I’ve had a personal workout regimen going for well over a decade. It has mostly involved some form of resistance training. I won’t write a book about it because it’s not impressive, but I’m proud of it anyway. I try to think of it as something as routine as taking a shower or a dump. Maybe I’ll live longer for it. Maybe not.
I’ve been shunned in countless conversations because I know jack shit about sports. I can’t make myself care about it most of the time, and if I had to guess I’d say it’s because I’ve always been terrible at everything that involves moving, but that’s a bullshit lie. Once, when I worked at Sam’s Club, I turned a corner running full tilt and met a toddler. I lept and spun, a move worthy of Nancy Kerrigan herself, cleared him completely, and landed it. Then again, one time I ran into a pallet of Gain and broke my ribs.
Let me back up a bit here.
When I started working at Sam’s, I was a big dude. I had just come off the tail end of being a shut-in for a couple of years and I was proud of the gainful employment. When someone asked me to do something, I hustled, and when it was at the back of the store and I was at the front, I ran.
I swear that I remember seeing Sam’s Club employees on roller skates when I was a kid. My brain may have invented this. Either way, I’m shit at skating, roller and ice. Add those to the list.
It might have been inadvisable, especially to their insurance department, but I ran, and ran, and ran. I started wearing a pedometer everywhere. This was before smartphones and Fitbits so it was the only way to keep up with it. On busy days I’d run 12-14 miles. I’d play movie scores in my head. It usually varied, but for a while I was stuck on Rudy.
It helped me to imagine doing something cinematic and important when all I was really doing was fetching a box of Tide or a case of Gatorade. It resonated with me even though I had nothing in common with the guy Sean Astin depicted in the film. Upon further research, Rudy actually didn’t either. It’s all fiction, but the fantasy served me well while I trudged warehouse club concrete for the Waltons.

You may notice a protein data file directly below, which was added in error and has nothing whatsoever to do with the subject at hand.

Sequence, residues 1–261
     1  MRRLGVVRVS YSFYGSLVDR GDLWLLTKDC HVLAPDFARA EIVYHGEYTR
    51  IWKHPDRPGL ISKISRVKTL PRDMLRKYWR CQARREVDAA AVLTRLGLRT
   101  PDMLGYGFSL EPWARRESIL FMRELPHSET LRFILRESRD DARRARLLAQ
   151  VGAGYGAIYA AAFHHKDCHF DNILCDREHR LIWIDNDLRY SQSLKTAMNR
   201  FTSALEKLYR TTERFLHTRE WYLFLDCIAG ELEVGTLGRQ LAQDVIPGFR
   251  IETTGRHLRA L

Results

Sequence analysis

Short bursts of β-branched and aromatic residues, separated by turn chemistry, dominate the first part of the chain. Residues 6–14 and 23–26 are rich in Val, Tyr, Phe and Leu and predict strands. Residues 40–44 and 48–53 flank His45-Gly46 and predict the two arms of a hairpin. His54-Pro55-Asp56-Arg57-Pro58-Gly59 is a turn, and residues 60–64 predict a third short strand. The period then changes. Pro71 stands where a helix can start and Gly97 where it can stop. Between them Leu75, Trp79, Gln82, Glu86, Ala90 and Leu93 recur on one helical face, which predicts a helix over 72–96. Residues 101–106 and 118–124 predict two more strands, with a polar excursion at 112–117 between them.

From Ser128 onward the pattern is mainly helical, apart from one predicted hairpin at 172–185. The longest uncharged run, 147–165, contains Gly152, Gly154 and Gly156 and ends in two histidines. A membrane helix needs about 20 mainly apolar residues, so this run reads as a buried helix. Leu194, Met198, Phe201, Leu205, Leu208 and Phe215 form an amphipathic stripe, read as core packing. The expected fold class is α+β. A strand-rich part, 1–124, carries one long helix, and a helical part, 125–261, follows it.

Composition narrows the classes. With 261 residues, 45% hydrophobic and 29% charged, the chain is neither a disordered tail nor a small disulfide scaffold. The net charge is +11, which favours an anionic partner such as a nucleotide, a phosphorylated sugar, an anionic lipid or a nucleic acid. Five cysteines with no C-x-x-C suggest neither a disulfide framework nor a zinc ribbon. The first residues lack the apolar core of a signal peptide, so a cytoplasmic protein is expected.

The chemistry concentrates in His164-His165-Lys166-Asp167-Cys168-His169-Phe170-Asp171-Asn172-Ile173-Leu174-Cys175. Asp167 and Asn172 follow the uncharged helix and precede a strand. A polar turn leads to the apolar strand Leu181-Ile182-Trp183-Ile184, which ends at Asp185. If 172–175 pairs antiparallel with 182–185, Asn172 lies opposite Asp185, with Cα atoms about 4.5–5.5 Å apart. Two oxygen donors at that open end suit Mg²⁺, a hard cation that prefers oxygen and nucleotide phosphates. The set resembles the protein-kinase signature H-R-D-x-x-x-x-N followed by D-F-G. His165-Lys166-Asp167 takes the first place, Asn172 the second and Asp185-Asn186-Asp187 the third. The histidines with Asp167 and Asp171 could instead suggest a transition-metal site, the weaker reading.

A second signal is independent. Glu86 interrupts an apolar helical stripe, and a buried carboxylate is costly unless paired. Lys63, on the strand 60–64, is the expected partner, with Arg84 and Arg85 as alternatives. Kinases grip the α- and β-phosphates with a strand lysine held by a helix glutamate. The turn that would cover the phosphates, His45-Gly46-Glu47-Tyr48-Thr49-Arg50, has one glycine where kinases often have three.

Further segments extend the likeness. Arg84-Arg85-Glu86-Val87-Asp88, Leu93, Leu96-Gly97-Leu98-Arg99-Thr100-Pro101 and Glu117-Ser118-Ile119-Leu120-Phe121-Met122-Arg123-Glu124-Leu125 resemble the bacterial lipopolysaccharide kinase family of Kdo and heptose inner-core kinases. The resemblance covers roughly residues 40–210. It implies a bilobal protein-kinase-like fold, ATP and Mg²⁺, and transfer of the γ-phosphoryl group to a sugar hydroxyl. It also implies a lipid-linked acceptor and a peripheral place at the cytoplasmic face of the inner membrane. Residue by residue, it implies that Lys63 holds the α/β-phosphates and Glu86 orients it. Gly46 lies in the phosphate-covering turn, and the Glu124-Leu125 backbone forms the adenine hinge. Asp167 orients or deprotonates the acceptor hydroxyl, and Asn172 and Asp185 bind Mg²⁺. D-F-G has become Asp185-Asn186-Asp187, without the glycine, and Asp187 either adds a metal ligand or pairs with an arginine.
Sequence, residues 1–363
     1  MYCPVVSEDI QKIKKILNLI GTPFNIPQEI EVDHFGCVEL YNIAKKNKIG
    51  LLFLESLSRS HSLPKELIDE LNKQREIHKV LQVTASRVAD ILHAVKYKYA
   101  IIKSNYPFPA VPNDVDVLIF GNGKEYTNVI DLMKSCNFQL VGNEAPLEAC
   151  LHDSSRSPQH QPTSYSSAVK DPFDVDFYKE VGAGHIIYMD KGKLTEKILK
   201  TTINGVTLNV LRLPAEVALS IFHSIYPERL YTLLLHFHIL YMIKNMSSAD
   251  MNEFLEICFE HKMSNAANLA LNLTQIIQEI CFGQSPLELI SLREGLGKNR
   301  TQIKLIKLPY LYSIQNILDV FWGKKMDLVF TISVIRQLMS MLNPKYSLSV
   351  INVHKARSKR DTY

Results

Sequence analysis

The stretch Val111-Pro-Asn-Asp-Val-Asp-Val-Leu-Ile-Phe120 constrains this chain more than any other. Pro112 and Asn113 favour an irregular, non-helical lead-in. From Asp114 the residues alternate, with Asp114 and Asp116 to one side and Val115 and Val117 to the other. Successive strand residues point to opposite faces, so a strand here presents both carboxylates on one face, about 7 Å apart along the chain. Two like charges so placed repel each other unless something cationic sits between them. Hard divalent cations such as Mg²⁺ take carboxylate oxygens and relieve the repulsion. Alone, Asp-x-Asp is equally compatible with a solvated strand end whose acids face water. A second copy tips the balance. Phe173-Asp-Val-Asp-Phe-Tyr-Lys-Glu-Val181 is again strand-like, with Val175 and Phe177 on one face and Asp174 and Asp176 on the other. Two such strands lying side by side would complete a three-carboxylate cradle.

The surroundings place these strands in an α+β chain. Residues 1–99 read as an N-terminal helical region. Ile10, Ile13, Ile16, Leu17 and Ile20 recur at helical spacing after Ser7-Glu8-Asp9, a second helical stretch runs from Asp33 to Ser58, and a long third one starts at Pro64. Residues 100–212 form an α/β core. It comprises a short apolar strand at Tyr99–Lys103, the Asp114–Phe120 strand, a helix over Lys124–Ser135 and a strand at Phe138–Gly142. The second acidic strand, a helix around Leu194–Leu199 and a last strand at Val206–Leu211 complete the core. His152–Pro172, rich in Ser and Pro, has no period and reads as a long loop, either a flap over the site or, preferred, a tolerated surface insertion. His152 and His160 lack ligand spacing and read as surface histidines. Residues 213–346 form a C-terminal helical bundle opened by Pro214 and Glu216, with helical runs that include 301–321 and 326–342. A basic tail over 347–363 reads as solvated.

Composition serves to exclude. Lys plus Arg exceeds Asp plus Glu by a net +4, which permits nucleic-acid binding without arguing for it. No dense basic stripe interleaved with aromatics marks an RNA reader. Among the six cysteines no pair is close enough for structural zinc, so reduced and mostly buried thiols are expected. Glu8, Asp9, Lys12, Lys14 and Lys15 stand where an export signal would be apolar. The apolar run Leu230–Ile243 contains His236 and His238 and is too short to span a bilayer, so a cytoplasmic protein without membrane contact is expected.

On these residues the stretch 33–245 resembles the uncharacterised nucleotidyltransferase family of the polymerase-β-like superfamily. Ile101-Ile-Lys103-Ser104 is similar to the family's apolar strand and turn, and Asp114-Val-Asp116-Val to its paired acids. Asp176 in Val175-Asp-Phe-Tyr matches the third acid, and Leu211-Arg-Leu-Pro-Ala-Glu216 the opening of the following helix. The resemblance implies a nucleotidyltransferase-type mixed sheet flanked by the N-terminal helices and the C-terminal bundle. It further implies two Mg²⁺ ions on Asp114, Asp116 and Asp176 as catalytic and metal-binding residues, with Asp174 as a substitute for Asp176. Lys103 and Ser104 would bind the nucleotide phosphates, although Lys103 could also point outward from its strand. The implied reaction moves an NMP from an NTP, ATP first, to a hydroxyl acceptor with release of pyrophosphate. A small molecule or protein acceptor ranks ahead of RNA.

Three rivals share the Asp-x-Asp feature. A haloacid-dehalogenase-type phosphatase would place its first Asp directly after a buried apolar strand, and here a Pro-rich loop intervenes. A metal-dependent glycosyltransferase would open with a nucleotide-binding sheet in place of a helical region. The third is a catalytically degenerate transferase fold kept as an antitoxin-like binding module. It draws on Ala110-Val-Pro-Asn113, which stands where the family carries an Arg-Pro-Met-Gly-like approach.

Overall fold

Still, it’s nostalgic to think about footballs flying through the crisp autumn night and the itch of Bermuda grass. Basketballs beat and sneakers squeak where the pep band once played. I may not have been on the team, but I was there. I can still crank out a Manly Single Tear when I hear the Olympic theme that John Williams composed. That shit just echoes Raiders and Superman and E.T. It’s the eighties. Nerds and Queen. Wheaties and gymnasts and Mr. T. Aren’t we all so enamored with the decade in which we became a little human?
I never thought I’d write an ode to athletics but, you know, there’s something to that. There’s something to those bodies huddled together in celebration. That’s society. That’s the herd. That’s church.
I’m not an athlete, just a standard body maintenance man who played in the band. I’m a retail track star who medaled in the toddler jump. I’m the winner of the Jonesboro Grief ‘n’ Hollering 10k. I’m a Self-flagellation Hall of Fame inductee.
You can take that last one whichever way you like. They’re both accurate.